Use Both A Humidifier And An Air Purifier

    Dry air can worsen asthma symptoms by irritating the throat and nasal passages, and allergens in the air can cause sneezing and morning congestion. Without humidifiers and air purifiers, youre more likely to wake up with a sore throat or post-nasal drip, since the body overproduces mucus to protect passageways from debris. Investing in a humidifier and air purifier means more moisture in the air and less chance of irritation to the nose and throat.

    Talk with a healthcare provider first before buying either of these devices. A humidifier can sometimes increase dust mites in the bedroom because it provides an ideal living environment. Air purifiers do balance those out, but some people, depending on the severity of their asthma, may want to avoid humidifiers entirely.

    Why Do I Wake Up In The Morning With Asthma

    Early morning asthma symptoms may also be a sign that your asthma has been difficult through the night, even if you werent aware of it. Here are some simple steps you can take to stop asthma getting in the way of a good nights sleep. If you have asthma symptoms, sit up and take your reliever inhaler as prescribed.

    Recommended Reading: How To Reduce Asthma Cough

    Other Tips For Sleeping With Asthma

    Other ways to reduce asthma symptoms at night include:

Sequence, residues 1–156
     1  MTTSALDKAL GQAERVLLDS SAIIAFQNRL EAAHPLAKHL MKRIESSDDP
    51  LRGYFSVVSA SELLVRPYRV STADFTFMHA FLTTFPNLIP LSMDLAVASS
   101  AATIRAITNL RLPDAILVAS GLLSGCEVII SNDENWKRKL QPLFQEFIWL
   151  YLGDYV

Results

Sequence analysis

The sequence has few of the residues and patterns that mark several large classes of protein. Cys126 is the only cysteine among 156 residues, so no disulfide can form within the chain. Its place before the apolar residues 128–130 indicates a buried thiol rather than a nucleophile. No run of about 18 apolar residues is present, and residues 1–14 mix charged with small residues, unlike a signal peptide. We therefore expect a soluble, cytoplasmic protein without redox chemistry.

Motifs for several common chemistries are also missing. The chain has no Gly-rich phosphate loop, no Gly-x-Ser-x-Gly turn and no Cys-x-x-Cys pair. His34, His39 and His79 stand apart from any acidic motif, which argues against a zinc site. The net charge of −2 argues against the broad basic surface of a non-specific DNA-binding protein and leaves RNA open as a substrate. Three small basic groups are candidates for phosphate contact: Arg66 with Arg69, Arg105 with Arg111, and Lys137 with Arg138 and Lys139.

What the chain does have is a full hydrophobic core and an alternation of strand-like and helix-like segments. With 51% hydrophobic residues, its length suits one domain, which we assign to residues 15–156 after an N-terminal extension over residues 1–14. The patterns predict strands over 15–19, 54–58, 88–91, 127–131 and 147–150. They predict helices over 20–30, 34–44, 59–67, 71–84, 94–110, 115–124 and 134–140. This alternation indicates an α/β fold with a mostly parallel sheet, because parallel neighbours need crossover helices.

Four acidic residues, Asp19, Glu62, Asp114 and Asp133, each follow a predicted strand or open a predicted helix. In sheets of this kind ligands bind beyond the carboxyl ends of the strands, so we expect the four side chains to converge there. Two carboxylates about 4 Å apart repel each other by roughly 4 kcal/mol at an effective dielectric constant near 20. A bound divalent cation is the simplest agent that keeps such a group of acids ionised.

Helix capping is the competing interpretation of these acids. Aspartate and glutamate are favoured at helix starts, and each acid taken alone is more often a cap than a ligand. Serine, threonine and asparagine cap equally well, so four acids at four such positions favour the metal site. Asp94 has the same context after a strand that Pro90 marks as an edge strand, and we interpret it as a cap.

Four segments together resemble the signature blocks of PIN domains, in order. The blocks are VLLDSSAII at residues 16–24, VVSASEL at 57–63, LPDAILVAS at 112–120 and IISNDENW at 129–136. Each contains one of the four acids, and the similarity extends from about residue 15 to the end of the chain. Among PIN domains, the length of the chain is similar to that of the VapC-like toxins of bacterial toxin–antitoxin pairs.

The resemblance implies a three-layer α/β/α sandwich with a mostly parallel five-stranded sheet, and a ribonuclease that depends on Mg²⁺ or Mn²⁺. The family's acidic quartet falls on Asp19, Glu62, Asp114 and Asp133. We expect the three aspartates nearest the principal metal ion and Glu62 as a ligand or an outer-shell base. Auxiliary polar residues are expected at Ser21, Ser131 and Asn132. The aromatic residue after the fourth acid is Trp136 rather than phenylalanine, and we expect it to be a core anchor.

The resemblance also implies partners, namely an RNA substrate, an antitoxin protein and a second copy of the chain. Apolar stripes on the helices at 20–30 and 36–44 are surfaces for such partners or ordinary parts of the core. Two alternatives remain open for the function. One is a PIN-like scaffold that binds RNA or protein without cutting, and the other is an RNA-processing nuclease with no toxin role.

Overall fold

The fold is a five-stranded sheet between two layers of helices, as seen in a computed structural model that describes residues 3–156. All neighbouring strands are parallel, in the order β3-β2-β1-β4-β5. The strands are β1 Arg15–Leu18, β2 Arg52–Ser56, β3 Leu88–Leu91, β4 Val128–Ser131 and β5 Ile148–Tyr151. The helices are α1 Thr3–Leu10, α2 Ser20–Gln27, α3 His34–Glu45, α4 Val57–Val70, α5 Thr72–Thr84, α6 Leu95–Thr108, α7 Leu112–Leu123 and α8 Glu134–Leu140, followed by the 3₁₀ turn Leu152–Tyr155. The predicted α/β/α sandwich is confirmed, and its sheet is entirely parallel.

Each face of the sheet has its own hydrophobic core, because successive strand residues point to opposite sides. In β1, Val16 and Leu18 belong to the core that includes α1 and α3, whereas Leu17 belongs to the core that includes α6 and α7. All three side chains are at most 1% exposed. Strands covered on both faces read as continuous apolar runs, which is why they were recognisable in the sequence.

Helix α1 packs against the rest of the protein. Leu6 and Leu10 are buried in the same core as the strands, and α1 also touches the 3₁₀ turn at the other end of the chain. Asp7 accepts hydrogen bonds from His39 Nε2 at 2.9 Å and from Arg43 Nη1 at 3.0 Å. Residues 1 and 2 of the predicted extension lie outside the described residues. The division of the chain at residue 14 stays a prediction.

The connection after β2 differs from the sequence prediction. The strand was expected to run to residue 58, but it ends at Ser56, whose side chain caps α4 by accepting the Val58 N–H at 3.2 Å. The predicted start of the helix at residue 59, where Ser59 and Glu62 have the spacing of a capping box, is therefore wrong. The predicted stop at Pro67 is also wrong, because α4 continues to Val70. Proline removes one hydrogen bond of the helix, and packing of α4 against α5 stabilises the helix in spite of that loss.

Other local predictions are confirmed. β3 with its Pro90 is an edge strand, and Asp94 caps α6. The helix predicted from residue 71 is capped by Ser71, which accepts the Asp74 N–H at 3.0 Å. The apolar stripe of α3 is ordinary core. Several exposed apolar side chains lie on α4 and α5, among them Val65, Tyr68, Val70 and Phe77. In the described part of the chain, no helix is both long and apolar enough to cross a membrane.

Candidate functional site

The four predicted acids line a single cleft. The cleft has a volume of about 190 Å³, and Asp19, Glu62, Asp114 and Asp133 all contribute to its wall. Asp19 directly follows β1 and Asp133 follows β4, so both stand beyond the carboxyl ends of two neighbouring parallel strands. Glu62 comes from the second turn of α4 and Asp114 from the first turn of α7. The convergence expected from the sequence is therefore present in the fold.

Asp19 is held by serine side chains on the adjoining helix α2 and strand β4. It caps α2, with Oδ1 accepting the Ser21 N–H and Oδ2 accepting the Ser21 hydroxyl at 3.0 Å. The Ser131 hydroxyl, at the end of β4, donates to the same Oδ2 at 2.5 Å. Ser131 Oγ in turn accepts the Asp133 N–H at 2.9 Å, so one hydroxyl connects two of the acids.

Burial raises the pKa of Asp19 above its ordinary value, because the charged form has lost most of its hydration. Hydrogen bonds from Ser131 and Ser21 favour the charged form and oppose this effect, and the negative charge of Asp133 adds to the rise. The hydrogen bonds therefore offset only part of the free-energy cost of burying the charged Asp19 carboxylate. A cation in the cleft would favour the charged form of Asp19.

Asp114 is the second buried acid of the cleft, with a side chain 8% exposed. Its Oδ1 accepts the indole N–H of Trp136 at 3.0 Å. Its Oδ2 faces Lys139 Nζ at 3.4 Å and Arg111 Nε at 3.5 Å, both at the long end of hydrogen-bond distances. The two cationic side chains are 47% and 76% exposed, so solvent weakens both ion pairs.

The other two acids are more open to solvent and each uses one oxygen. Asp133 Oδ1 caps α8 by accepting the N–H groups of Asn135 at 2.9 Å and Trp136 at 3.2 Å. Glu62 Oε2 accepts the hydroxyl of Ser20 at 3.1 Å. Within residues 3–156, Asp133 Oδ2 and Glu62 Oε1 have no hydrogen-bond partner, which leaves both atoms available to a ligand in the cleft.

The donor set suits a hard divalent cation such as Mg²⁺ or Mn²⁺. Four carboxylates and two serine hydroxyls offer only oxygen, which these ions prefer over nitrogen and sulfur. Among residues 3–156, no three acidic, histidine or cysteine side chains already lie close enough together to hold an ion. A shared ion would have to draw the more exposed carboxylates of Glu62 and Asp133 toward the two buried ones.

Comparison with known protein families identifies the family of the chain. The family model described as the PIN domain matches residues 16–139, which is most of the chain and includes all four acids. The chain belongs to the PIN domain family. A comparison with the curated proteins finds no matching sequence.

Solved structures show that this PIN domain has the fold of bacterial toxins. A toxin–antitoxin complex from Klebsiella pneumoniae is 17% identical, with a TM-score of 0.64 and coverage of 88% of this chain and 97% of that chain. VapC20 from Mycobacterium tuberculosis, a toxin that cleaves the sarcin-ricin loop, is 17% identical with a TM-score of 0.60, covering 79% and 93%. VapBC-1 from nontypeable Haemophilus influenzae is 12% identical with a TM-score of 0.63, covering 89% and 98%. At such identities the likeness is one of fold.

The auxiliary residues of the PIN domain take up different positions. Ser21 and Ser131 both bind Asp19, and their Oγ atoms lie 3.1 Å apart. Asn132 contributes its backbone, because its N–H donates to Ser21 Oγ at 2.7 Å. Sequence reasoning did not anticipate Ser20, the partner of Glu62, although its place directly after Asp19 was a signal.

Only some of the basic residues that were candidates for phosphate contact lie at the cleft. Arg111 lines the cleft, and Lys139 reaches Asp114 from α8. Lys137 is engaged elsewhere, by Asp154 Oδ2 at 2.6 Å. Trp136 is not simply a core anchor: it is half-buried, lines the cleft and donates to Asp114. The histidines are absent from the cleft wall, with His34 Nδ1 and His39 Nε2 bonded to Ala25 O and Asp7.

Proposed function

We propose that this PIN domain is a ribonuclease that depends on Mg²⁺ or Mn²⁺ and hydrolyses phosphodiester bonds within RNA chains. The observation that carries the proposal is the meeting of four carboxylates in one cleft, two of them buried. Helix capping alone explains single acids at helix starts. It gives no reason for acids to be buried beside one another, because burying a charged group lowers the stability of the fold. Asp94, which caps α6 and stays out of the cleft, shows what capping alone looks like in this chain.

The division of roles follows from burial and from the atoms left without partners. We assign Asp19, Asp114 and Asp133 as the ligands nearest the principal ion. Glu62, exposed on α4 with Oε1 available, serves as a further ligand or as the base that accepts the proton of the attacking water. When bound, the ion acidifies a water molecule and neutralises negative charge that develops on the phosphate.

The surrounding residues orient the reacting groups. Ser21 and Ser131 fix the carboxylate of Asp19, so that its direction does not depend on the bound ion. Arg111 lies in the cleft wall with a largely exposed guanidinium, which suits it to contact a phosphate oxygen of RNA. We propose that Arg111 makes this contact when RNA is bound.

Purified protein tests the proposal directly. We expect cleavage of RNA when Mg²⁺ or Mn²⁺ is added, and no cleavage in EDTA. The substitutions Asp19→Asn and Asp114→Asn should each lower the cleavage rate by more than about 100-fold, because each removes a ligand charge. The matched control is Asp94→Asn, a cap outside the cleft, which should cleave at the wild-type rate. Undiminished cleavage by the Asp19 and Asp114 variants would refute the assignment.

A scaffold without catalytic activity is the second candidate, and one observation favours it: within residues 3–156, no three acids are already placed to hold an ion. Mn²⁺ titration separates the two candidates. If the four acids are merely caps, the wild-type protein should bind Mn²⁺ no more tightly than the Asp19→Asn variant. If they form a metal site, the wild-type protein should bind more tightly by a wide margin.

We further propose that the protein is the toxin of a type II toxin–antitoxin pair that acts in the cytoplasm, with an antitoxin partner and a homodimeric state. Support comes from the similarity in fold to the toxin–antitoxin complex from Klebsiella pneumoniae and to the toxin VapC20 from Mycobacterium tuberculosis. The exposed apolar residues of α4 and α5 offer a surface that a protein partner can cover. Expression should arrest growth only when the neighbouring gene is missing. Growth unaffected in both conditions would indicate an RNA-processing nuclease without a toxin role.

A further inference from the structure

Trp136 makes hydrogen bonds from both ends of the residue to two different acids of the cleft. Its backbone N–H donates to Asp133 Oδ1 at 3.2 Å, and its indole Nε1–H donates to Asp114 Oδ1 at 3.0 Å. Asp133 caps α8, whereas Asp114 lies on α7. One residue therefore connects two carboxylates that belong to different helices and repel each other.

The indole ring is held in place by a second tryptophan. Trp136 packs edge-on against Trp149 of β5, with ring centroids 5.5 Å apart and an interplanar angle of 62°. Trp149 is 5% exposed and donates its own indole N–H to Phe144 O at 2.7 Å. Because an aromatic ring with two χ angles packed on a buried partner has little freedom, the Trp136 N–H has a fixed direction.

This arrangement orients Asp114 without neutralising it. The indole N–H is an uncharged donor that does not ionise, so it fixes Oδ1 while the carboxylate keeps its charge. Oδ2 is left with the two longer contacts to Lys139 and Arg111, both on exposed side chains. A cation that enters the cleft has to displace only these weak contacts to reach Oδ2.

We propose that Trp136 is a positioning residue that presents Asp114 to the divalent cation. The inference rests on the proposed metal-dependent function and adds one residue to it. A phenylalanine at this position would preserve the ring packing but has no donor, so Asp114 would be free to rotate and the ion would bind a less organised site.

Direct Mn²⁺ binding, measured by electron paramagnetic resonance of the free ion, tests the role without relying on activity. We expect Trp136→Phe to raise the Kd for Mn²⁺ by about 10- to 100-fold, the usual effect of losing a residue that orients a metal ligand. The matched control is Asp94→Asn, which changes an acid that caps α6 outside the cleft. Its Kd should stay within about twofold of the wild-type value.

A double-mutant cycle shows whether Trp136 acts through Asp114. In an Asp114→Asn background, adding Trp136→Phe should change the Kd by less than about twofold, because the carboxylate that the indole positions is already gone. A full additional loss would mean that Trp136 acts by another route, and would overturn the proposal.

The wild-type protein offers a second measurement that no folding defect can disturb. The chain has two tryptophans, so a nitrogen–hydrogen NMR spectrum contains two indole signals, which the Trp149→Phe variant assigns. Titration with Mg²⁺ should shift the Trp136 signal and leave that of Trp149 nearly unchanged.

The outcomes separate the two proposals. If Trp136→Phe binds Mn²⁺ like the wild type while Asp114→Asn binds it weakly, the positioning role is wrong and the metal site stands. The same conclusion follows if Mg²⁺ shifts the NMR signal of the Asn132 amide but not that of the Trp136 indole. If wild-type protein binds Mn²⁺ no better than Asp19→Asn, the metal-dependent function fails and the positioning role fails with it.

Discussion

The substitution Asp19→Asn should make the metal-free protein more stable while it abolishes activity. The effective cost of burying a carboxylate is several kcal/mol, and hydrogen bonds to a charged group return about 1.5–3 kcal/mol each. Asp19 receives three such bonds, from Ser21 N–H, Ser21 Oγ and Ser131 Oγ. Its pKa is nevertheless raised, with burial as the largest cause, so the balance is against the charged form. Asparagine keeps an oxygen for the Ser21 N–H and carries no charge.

• Cut down on allergens in your bedroom. Consider using an air purifier next to your bed and keep airflow in your room through the night.
    • Wash your bedding in hot water every 1-2 weeks to get rid of dust mites and other irritants that may be on your sheets.
    • Consider switching to bedding made of natural cotton, as opposed to synthetic polyester depending on your allergies.
    • Keep pets off your bed, especially when youre in it.
    • Keep asthma medication on your nightstand or another easily accessible place, and take them as directed by your doctor.
    • Set the thermostat in your bedroom slightly higher in the evenings. Sleeping in a cold environment can be an asthma trigger.

    Why Do Some People Cough At Night

    Why do asthma occur â Health News

    Well, it’s normal to cough at night if you are sick. But if you don’t have a cold, bronchitis, or pneumonia, you shouldn’t be coughing at night. Nocturnal asthma can be caused by a variety of things, such as:3,4

    • Allergies
    • Laying down
    • Changes in the circadian rhythm that can cause hormone changes
    • Sinuses draining
    • Increased airway resistance due to airways narrowing during sleep

    For the last couple of weeks, I have been waking up coughing during the night. This is not like me at all. And I’m not sick, so I shouldn’t be coughing.

    Also Check: Does Ibuprofen Make Asthma Worse

    RELATED ARTICLES

    Most Popular